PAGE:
As long as the available empirical evidences overall favors the conclusion that the natural universe is fundamentally physical in nature and everything that exists is part of this natural universe, than atheism is a reasonable conclusion to hold (in my judgement, it is the singularly most reasonable conclusion, which is why I am an atheist).  If something is synonymous with our universe, or with mystery, than we already have those words to represent those concepts. Relabeling these concepts as God does not get us anywhere.  If standing firm on an insistence for grounding our beliefs about how the universe functions on empirical evidences defines atheists as "fundamentalists", and "scientific literalists", and "dogmatists", as some spiritual pundits claim, then those labels lose their negative connotations.

Sunday, February 02, 2014

Corruption and religious beliefs within states

The question of what effectively prevents corruption, and what contributes to corruption, cannot be answered by only looking at the influence of religion.  China appears to have relatively high corruption and one of the highest proportion of self-declared atheists.  Nevertheless, given that religions so frequently claim an ethical advantage for believers over skeptics, it is good to know a little about what social science has to say about the correlations between religious beliefs and ethical standards.  Since data is often collected on a national level, such comparisons are often most practical to make between states.  The Epiphenom blog focuses on social science studies of religion and non-belief.  Recently, they reported on the results of a study using standard assessments of national corruption by Hamid Yeganeh & Daniel Sauers of Winona State University, USA.  They found that countries with the most religious people also have the highest levels of corruption.

Saturday, January 11, 2014

Atheists need to assert ourselves! Here's how.

By Mathew Goldstein

Jeffrey Taylor is a contributing editor for The Atlantic magazine.  Salon magazine recently published his short article 15 ways atheists can stand up for rationality. He recommends that we "arm ourselves with the courage of our rationalist convictions and go forth. We will all be better off for it." I agree.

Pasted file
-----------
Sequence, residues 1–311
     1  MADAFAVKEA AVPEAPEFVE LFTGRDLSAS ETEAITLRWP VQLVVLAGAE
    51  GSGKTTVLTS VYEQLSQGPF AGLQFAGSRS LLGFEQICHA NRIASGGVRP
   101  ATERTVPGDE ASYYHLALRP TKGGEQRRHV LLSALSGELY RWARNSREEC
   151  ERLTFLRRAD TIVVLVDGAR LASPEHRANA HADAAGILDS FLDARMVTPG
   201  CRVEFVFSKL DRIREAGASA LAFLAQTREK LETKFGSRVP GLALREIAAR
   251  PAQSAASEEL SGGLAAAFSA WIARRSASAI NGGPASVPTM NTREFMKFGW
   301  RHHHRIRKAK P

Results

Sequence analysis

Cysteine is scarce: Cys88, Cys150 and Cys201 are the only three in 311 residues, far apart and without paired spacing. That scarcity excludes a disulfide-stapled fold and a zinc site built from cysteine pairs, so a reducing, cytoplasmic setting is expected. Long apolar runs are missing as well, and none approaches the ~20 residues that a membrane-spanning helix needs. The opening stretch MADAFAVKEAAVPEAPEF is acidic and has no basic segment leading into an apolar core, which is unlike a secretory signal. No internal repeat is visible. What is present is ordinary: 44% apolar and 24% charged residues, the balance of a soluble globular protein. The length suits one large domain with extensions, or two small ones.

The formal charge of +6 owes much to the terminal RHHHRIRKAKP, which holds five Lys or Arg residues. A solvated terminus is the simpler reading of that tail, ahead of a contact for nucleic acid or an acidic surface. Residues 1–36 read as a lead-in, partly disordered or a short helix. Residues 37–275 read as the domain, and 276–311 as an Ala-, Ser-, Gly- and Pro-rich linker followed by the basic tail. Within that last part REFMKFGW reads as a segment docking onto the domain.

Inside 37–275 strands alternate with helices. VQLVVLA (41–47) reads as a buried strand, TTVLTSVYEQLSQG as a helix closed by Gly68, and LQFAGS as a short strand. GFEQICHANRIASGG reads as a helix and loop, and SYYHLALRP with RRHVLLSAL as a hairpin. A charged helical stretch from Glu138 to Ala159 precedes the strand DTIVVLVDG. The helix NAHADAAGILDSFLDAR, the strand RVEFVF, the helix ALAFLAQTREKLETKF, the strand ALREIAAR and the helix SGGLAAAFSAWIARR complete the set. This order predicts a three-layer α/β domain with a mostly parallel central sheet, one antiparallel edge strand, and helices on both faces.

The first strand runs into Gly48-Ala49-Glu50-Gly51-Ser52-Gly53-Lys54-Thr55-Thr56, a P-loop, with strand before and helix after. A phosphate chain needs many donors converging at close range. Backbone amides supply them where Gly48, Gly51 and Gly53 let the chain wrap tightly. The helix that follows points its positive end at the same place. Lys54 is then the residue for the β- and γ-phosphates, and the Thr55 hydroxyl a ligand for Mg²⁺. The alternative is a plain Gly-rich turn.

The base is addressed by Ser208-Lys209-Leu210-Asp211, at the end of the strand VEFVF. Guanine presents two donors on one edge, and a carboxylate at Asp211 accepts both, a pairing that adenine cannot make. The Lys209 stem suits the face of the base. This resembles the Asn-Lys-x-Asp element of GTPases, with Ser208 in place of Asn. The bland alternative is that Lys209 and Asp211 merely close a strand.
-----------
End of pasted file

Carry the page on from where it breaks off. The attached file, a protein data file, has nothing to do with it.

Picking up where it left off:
Substituting metaphor for evidence

When a word or phrase ordinarily and primarily used for one thing is applied to another the result is a metaphor.  Metaphors rely on utilizing one or more words whose actual definition renders the sentence nonsensical or false.  The sentence must be reinterpreted non-literally by substituting a context sensitive inferred meaning for the actual meaning of one or more of the words to extract it's intended meaning.  For example "all the world's a stage", "he drowned in a sea of grief", "she is fishing in troubled waters", etc.  Metaphors implicitly compare a situation to something else, but the situation is not actually that particular other thing and that other thing may itself be fictional.

A factual assertion that an entity of type X does not exist is not contradicted or challenged by citing the use of the noun for X as a metaphor.  It is silly to argue that a sea of grief exists because at some point in our lives many people experience the sentiment of being drowned in a sea of grief.  This is a variety  of category error.  Metaphors interpreted literally are false and therefore cannot be rationally cited as evidence to demonstrate that the thing referenced by the metaphor actually exists.

Yet so-called "sophisticated theology" relies on such misuse of metaphor to argue for the existence of a god.  An open reliance on metaphorical interpretations gives liberal theology in particular more flexibility than the more literalist conservative theology.  Liberal theology often puts this flexibility to good use in selectively shedding itself of the most blatantly untenable content of its holy books by dismissing it as metaphor. Good metaphors are meaningful, so by converting falsehoods into metaphors the falsehoods can be converted to potentially meaningful fiction.  But a reliance on converting falsehoods to meaningful fictions can only go so far.  Religion needs something more than meaningful fiction alone to justify the clerical salaries.  Religion needs factual content.  Both liberal and conservative theologians will cite metaphors as evidence for factual claims.  In particular, they rely on metaphors as substitutes for evidence of the existence of divinity.